Wildflower is published quarterly by the Wildflower Center. Its content is national in scope with articles about the conservation and use of native plants as well as news from the Wildflower Center. A subscription is provided to Wildflower Center members as a benefit of membership.
Letter from the Executive Director - Winter 2002On December 22 we will celebrate Lady Bird Johnson's 90th birthday and the 20th anniversary of the institution she founded. On her 70th birthday Mrs. Johnson launched the National Wildflower Research Center, which later became the Lady Bird Johnson Wildflower Center. Many people have asked me what it is like to work with Lady Bird Johnson. As I think back over the five years during which I have known her, there are a number of attributes about Mrs. Johnson that come to mind. She is a leader and a visionary. She is also positive, gracious, curious, inclusive, and eloquent. Over the past 20 years she has nurtured our institution by articulating a vision for an America where the natural beauty of the landscape and its wildflowers and native plants are conserved, restored, and celebrated. She is engaged in life at the Center and has attended every board meeting, except one that occurred when she was hospitalized last spring. Mrs. Johnson attends other important Center events, including volunteer recognition and fund-raising events and seminars. And, she comes to the Center often just to enjoy the seasonal parade of wildflowers. When Center visitors recognize her and want to say hello or have their picture taken with her, she is unfailingly gracious and accommodating. In late October she visited the Center's new Ann and O.J. Weber Butterfly Garden. A swallowtail that had just emerged from its chrysalis landed on her hand. Much to her delight, several children -- unaware that they were in the presence of a former First Lady -- ran over to share the moment with her.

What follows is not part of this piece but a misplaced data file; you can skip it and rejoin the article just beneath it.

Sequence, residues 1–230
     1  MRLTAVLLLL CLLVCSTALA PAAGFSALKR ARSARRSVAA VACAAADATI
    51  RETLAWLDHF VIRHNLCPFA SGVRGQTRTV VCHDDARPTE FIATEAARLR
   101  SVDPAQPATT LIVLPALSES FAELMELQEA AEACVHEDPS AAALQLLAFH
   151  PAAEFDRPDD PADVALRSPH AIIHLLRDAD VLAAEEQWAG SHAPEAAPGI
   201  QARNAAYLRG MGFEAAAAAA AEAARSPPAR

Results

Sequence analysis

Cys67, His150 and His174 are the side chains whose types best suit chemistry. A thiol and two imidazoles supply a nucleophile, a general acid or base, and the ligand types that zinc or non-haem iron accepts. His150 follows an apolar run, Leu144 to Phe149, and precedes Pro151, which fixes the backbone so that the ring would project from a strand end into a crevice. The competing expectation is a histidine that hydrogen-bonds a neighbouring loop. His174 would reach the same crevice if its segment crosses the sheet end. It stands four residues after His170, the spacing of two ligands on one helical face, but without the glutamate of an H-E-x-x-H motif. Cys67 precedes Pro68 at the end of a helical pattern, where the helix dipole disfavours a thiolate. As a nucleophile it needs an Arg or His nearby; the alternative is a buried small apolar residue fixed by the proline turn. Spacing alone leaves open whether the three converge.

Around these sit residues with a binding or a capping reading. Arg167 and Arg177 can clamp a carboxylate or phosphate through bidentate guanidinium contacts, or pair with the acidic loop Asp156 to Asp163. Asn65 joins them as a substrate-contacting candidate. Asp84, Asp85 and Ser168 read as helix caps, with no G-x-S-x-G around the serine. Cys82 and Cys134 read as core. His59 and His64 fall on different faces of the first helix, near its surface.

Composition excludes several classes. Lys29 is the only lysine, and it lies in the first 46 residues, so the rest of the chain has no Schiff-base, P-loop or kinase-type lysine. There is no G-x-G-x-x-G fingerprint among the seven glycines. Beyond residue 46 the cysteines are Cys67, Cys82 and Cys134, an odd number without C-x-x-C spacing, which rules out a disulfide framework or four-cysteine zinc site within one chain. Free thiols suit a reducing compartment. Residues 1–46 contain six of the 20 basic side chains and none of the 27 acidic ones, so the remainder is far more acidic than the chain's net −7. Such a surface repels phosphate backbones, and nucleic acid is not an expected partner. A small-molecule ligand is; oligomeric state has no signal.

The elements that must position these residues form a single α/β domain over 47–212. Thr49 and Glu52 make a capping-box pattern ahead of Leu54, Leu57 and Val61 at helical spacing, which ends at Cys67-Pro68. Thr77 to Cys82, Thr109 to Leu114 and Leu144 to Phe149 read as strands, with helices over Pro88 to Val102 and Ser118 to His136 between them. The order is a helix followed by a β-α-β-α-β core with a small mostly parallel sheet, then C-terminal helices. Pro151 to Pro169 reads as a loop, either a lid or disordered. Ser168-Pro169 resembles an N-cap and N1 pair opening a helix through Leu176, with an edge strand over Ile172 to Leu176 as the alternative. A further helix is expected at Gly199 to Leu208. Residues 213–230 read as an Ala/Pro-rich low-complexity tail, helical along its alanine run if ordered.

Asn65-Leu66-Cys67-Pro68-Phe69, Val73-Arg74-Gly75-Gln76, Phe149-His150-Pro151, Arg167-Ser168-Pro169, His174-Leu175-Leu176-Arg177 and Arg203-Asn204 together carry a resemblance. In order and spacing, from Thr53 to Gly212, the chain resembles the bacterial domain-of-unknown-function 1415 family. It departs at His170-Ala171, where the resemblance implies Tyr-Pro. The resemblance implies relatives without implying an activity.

At Wildflower Center board meetings she carefully listens to the discussions, usually waiting to speak until others have taken their turn. Her questions and comments are usually the most direct and profound. She expects staff to be prepared and wants to know everything about the Center. Her questions range from the current financial condition to what is in bloom in our gardens. She is the most eloquent person I have ever known, capturing in a few words or sentences the heart of complex issues. As one friend and Center board member has said: "When Mrs. Johnson speaks prose, it comes out poetry." A recent stoke has impaired her speech, but not her spirit. She expresses with her eyes and gestures the joy she feels at seeing an old friend or a lovely flower. She intently follows the discussions that take place around her. Totally unassuming, she laughs often, even at herself. And, she always expresses her gratitude and support for the staff, board members, volunteers, and members of the Center. Indeed, as I think about the future of the Wildflower Center, I trust that it will be all of these qualities that will mark its character for a long time to come. Each day Mrs. Johnson gives us a living legacy of positive and gracious but determined action for a vision of a more beautiful world -- a legacy that will nourish and sustain us into the future. Thank you Mrs. Johnson, and happy birthday!
Robert G. Breunig, Ph.D.